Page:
Staff Writer
Columbus CEO

c.2013 New York Times News Service

PARIS — Standard & Poor’s on Friday cut its credit rating on France by one notch, saying the government’s policy initiatives did not appear capable of addressing impediments to economic growth.

“We believe the French government’s reforms to taxation, as well as to product, services, and labor markets, will not substantially raise France’s medium-term growth prospects, and that ongoing high unemployment is weakening support for further significant fiscal and structural policy measures,” S&P said in explaining its decision.

The agency downgraded the country to AA from AA+ and said the outlook for the rating is “stable,” reflecting its expectations that the government of President François Hollande would hold debt in check. The agency estimated that France’s net general debt would peak in 2015 at 86 percent of gross domestic product.

France’s economy expanded by 0.5 percent in the second quarter of 2013 from the first three months of the year, for an annualized rate of about 2.0 percent. But unemployment, at 11.1 percent, weighs heavily on growth and on efforts to reduce deficit spending.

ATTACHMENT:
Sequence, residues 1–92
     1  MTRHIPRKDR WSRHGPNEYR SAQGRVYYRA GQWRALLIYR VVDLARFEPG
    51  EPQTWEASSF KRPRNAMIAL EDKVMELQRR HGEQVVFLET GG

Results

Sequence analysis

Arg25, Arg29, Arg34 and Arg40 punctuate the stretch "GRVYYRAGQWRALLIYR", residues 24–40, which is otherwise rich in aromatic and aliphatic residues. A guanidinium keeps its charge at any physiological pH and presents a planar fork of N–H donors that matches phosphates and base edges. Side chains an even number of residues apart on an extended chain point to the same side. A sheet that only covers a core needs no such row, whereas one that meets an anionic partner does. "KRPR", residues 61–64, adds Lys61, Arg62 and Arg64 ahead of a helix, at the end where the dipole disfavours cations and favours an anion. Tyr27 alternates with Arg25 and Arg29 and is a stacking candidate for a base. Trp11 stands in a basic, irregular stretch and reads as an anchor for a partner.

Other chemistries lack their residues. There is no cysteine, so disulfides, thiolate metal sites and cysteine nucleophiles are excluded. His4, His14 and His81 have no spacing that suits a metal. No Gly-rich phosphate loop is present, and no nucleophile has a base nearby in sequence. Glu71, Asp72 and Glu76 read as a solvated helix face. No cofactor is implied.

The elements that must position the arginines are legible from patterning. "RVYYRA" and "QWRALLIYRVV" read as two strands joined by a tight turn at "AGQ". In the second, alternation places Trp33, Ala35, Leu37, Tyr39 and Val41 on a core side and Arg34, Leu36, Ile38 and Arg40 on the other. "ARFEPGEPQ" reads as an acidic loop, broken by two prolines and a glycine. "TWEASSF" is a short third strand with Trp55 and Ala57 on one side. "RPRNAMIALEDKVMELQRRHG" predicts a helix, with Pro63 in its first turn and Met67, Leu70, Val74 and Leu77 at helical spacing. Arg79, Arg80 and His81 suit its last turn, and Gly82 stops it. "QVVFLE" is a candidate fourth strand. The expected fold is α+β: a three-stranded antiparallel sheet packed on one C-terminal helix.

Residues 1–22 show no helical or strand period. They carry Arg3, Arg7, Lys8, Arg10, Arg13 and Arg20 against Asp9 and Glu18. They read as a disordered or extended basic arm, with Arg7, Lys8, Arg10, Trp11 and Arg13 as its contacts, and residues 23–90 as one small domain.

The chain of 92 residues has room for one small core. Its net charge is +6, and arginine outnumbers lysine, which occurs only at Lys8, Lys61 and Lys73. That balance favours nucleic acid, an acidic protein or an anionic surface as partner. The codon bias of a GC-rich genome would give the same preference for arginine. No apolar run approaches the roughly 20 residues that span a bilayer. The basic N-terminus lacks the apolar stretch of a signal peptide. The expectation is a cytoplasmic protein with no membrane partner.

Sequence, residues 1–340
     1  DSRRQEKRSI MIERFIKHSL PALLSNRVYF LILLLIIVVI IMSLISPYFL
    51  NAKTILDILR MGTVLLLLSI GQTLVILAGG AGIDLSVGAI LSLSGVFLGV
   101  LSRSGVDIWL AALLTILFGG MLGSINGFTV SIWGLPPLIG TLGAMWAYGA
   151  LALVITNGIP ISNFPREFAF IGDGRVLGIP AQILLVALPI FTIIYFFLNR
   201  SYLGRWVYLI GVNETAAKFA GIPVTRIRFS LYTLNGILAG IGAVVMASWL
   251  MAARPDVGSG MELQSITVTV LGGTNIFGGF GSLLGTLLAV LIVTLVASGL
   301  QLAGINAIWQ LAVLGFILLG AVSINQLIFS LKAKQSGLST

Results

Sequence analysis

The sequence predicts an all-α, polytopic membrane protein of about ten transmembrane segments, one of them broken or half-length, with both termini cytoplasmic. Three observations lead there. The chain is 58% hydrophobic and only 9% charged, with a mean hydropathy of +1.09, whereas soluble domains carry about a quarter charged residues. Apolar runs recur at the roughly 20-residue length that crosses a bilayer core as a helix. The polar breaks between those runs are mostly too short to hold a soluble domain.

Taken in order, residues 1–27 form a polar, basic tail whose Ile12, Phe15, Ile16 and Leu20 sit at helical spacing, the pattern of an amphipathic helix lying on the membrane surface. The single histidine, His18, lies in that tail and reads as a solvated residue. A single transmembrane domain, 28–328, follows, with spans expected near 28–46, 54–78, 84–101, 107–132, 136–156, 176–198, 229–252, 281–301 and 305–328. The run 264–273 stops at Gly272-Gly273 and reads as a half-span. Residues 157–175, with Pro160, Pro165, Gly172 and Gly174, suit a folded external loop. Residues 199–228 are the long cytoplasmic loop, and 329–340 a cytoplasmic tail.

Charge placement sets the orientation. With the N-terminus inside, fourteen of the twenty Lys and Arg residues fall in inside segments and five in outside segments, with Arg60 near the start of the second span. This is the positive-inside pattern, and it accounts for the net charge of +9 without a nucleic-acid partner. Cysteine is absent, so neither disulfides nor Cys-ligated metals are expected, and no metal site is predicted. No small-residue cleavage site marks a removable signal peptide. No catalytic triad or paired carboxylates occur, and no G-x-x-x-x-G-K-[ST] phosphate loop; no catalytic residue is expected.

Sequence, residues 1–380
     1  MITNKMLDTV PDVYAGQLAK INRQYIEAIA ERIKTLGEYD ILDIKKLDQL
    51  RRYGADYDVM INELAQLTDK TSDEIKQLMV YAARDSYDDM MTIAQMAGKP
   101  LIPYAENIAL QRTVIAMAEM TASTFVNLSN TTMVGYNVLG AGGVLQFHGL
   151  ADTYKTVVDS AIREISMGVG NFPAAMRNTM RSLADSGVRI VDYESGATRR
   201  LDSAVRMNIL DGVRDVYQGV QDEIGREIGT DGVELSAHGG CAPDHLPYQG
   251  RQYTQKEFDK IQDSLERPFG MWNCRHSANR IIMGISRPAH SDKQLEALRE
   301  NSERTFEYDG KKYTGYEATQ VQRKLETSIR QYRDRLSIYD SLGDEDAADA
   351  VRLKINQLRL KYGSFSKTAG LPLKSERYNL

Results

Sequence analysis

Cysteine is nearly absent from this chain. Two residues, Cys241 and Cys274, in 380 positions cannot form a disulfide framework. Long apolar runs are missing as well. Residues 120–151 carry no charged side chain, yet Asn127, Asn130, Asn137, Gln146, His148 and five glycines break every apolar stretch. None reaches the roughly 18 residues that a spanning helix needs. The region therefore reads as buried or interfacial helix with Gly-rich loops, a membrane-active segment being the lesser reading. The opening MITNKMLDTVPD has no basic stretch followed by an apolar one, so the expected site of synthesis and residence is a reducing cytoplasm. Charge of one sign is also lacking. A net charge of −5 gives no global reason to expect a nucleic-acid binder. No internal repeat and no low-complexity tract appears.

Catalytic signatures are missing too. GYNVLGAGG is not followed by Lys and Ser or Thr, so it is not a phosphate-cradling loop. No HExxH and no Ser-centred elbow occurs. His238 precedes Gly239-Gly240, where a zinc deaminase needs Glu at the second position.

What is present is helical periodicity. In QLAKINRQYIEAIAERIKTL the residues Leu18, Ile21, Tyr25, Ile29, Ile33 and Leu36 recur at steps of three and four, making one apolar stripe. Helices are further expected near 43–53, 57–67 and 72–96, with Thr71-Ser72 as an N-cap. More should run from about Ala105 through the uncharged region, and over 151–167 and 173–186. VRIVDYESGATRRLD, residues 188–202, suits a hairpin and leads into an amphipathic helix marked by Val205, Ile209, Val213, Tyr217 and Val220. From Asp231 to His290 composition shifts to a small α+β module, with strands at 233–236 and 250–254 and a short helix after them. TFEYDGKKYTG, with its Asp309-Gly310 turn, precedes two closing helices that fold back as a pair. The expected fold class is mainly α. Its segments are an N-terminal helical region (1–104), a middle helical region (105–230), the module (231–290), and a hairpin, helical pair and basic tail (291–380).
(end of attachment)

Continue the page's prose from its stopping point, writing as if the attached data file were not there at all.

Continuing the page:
On Tuesday, Olli Rehn, the European Union’s head of economic policy, contradicted French government forecasts that show unemployment peaking this year, predicting instead that joblessness would increase until 2015.

The euro and the yield on France’s benchmark 10-year bond were little changed after the rate cut. Like the United States, which lost its AAA rating with S&P in August 2011, France has continued to borrow at near record lows, perhaps because investors see the alternatives as much worse at a time of uncertainty.

Pierre Moscovici, the French finance minister, said in a statement that he “regrets” S&P’s “critical and inaccurate judgment.”

Never had a government carried out so many reforms in such a short time, “and in such a difficult economic environment,” he said.

Moscovici also noted that France’s rating remains among the highest in the world.